the advice about finding a korean church is probably your best bet. you can probably exchange korean lessons for some kind of tutoring. for something off the top of my head, you can go to Sogang University's online learning modules. i actually took classes at the school, which were great. you can find the link here: http://korean.sogang.ac.kr/

as for quarantine, it's not that bad coming into korea, but i've heard from many people that it's nigh impossible getting back into the US. homeland security is being very careful about suicide kitties.

* 여보세요 = hello
* 너가 이는 까 라고 = you are peeling this, or something...

let me know if you have any questions!

DaisyMae Maus said...

I think that you'd be an excellent feline ambassador to Korea! You have the right catitude already, Zeus!
DMM

PrincessMia said...

Zeus, that sounds fabulous. You will definitely make a great diplomat. I have found the place for you

Zeus said...

Thanks Five for the advice. It's still a very long way away from now, but it helps to find out more information. There's been lots of reading going on around here involving South Asia so I'm sure as time moves along, the decision will be narrowed down.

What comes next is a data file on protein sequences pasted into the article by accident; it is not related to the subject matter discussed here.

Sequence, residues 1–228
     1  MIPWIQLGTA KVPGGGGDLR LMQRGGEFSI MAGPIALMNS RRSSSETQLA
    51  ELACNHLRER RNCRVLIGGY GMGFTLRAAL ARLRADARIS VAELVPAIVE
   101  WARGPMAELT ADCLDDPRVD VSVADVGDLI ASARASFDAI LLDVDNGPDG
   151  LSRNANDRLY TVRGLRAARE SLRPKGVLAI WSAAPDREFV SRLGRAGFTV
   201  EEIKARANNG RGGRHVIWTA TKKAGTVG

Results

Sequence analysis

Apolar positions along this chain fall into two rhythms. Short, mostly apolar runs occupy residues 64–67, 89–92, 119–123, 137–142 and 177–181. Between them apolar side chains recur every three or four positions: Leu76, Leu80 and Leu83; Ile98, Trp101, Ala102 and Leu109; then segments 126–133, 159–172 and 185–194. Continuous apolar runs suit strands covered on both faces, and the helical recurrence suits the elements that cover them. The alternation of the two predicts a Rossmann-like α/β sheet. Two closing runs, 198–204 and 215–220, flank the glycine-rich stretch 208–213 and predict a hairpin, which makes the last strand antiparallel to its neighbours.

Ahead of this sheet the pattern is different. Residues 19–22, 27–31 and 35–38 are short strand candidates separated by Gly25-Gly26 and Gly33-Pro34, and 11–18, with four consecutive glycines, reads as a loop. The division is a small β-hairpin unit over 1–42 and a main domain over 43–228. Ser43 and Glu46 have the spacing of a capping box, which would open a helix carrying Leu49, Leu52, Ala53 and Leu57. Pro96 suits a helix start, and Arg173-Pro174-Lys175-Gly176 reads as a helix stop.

I had not heard of suicide kitties. Would you possibly be able to provide links to information I could read up on?

Thanks for the corrections as well. Lord knows she tries as hard as she can. I'll remind her she was wrong. It's always a pleasure to do that for someone. ;)

Thank you, Miss Mia! The human pet had no idea how meet-ups work so she was a bit concerned, but if you endorse it, then it must be ok!

sage said...

to your human pet--I spent two weeks in Korea in 2000 and loved it. I've also been to Japan and even though Japan is beautiful, if I was going to live in one or the other, I'd take Korea. Don't have any suggestions on language guides. As for knowledge of the country, Pearl Buck's The Living Reed gives a good overview of how the country was divided (and since it's a novel, it's easy reading). The novel spans the mid-19th though the mid-20th centuries. I have other books on Korean history, culture and folktales.